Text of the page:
Last week's Recession-Proof Recipe examined stock and gave a fast variation for Pho. Pho is simple peasant food, and this week, I'd like to take an economical eating cue from yet another group of peasants.
Like yesterday's cassoulet, a humble country casserole that's often elevated beyond its original station, the sometimes pretentiously presented French crêpe is essentially just a thin pancake with tasty tidbits rolled up inside it. It's the peasant food of Brittany.
Several years ago I discovered I could afford a ticket to fly overseas and spend few days in Paris, but didn't have much money for lodging or food. So I ended up with a week of Paris hostels, student entry to museums and a host of street crepes.
For that week, my diet was primarily composed of the sweet crepe, or crêpe sucrée (it was supremely cheap and the whole transaction used up the only 15 words of French I could remember)... a charming banana-Nutella combo that I still remember fondly and order whenever I encounter it on a menu.
After traveling around with J a bit, I discovered his crepe preference invariably fell to the crepe complete, a classic buckwheat crepe filled with an egg (whites cooked, but with a runny yolk, please) with melted gruyere and ham. Simple. Filling. Complete.
Whether in Montreal...
In Mediterranean Spain...
In Midtown Manhattan...
Or in Paris...
Across the universe, la crepe complete is his crepe of choice.
As you may notice in those photos, my crepe is generally in the foreground, and I always order something else. The vegetable crepe. The goat cheese and fig crepe. The ratatouille crepe. And then I find I'm always jealous of J's hearty, savory crepe. He's made a convert of me.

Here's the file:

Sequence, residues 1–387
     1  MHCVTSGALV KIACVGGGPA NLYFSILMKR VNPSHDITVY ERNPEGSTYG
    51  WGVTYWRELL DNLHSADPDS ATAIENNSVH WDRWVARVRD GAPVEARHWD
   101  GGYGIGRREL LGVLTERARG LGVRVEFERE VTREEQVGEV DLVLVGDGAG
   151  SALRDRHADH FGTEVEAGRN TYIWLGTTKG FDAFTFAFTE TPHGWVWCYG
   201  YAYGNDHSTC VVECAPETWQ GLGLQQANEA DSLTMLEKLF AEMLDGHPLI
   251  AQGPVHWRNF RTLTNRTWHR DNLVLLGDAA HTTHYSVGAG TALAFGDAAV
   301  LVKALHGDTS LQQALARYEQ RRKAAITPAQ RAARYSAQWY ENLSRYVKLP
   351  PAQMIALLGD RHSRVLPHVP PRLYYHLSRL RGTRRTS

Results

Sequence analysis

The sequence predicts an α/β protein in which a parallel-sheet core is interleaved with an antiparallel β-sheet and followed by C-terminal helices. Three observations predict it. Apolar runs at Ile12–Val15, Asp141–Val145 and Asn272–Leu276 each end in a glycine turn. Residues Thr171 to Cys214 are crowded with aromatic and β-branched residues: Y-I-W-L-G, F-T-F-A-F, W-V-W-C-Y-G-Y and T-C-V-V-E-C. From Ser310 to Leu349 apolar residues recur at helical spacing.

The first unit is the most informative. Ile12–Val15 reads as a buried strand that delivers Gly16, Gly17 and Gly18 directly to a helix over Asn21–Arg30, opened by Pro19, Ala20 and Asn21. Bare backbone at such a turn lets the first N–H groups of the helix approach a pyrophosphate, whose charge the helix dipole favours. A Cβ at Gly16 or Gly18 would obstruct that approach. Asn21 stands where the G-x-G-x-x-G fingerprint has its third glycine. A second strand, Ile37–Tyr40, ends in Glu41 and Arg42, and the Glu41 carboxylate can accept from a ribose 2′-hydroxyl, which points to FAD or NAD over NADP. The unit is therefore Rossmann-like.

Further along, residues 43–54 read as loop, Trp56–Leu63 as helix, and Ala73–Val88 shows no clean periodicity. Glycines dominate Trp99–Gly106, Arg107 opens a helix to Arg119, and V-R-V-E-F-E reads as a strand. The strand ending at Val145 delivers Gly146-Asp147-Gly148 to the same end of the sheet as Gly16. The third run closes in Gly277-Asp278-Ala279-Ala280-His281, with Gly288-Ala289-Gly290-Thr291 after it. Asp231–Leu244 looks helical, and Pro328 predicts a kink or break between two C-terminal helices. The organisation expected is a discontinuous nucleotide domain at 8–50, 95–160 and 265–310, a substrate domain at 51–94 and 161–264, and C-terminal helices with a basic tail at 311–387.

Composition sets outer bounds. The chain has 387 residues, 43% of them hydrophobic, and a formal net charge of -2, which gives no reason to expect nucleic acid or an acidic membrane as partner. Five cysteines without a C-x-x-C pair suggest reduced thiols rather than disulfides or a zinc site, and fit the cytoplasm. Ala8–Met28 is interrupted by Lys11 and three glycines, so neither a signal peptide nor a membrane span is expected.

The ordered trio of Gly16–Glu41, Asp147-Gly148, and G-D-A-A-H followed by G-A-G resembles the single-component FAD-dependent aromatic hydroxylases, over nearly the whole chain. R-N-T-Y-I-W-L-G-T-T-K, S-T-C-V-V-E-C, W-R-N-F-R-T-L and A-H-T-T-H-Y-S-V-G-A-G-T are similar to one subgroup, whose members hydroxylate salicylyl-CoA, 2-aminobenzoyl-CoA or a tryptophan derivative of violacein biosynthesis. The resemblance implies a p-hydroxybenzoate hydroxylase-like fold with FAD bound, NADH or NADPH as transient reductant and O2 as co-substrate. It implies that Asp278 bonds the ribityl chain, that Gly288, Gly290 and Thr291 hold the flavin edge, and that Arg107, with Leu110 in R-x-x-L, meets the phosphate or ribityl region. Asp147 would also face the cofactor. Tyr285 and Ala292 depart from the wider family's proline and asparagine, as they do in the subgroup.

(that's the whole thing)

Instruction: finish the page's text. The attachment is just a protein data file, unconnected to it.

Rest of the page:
By using just the slightest bit of ham and cheese with the egg, this meal manages to be simultaneously inexpensive and satisfying. And the construction of the dish is somehow magically classier than some lowly pancake and egg with skimpy slices of ham and cheese.
Though you may have encountered sweet crêpe batters before, I must insist on the buckwheat in this recipe. The earthy flavor really does something special alongside the cheese and ham. Those Breton peasants knew something about flavor on a budget.
Ladies and gentlemen of the blog-reading public, may I present:
The Crêpe Complete (Serves 2-4)
For the crêpes
1/2 cup water
1/2 cup milk
1/4 cup buckwheat flour
1/3 cup all-purpose flour
1/4 tsp salt
1 1/2 Tbsp unsalted butter, melted
For the filling
4 eggs, warmed to room temp
4 pieces ham, thin-sliced (or skip it, if you're vegetarian)
4 pieces gruyere or Swiss cheese, thin-sliced
1. Whisk together the water, milk, eggs, flours, salt and butter or whir in a blender until uniform. Cover and chill for 1 hour (or up to two days).
2. Place an oven-proof plate in the oven and turn the oven on to 200° F. Remove the crepe batter from the fridge and stir it up to unite everything.
3. Heat a large (12-17") crepe pan or skillet over moderately high heat. Melt a dollop of butter in the pan, swirling to cover the surface.
4. When butter sizzles, add 1/4 cup of the crepe batter and, again, swirl to cover the pan surface. Cook several minutes until the bottom develops a golden texture. Then flip the crepe over with the aid of a spatula/pancake turner.
5. Gently break one egg into center of the newly flipped crepe (try to keep the yolk intact).
6. Cook the crepe and egg just until the white is set. Top with one slice of ham and one slice of cheese. Gently fold two sides (or four sides, as you prefer) of the crepe in to overlap the egg, cheese and ham.
7. Use a hot pad to remove the warmed plate from the oven, then move the cooked crepe to the warm plate with a spatula.
8. Keep your completed crepes warm in the oven while you repeat steps 3-7 with the remaining crepe batter, eggs, ham and cheese. Serve crepes hot with a crisp green salad and a cold mug of dry cider.